Instead, at every level of Russian politics, the dominant trend of the past five years has been toward the erosion of pluralism and, in its place, the arbitrary and unregulated exercise of state power. This has been true of relations between the branches of the federal government, between center and periphery, between the government and the media, between government and civil society, and between those who wield political power and those who command economic resources.
The result of this concentration of power is easy to summarize: Russia’s institutions are less transparent, less open, less pluralist, less subject to the rule of law, and less vulnerable to the criticism and restraints of a vigorous opposition or independent media. In today’s Russia there are no real counter-weights of any kind to the Kremlin and the state bureaucracy. The most important decisions concerning the future of the nation are made by a handful of people exercising power for which they will not in any meaningful sense be held accountable.
Even where elections continue to take place (and this is for a shrinking number of offices) they are under very careful and effective control. Opposition parties can be kept off the ballot by denying them registration. Once on the ballot, they can be removed in the course of a campaign if they seem to be building too much popular support. They can be denied television time and starved of political contributions. This past spring the leader of one opposition party was actually removed from his post because he had fallen out of favor with the Kremlin.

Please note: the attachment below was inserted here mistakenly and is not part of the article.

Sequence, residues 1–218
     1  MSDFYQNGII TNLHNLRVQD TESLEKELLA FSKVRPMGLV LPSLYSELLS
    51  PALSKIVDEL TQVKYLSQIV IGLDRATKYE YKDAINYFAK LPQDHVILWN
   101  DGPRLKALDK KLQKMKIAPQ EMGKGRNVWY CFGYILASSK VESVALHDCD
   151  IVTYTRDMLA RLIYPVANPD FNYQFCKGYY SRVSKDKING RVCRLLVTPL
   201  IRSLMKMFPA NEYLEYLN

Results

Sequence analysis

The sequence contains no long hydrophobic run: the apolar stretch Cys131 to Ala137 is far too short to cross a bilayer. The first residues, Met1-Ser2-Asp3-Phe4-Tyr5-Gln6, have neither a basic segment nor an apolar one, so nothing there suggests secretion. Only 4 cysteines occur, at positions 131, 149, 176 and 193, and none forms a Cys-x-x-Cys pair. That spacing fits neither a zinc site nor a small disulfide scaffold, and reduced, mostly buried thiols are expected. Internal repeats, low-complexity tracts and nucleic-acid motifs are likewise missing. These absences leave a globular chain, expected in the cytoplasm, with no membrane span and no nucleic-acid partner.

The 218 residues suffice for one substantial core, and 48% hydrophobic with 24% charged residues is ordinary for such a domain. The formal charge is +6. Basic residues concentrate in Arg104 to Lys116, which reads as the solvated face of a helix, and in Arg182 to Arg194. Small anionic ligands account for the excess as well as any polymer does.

In 1998, then, Russia may have stood out at the G-8 as the only member on the verge of financial collapse. Today it stands out as the only member moving away from the modern political mainstream.
It is often said that by the end of the 1990’s—a decade that brought economic privation, fractious politics, bureaucratic corruption and a seeming break-down in the effectiveness of state institutions—the Russian people desired relief from disorder. They do not really mind, it is thought, a little authoritarianism if that’s what it takes to solve their country’s problems. President Putin’s centralization of power, in this view, is exactly what the people want.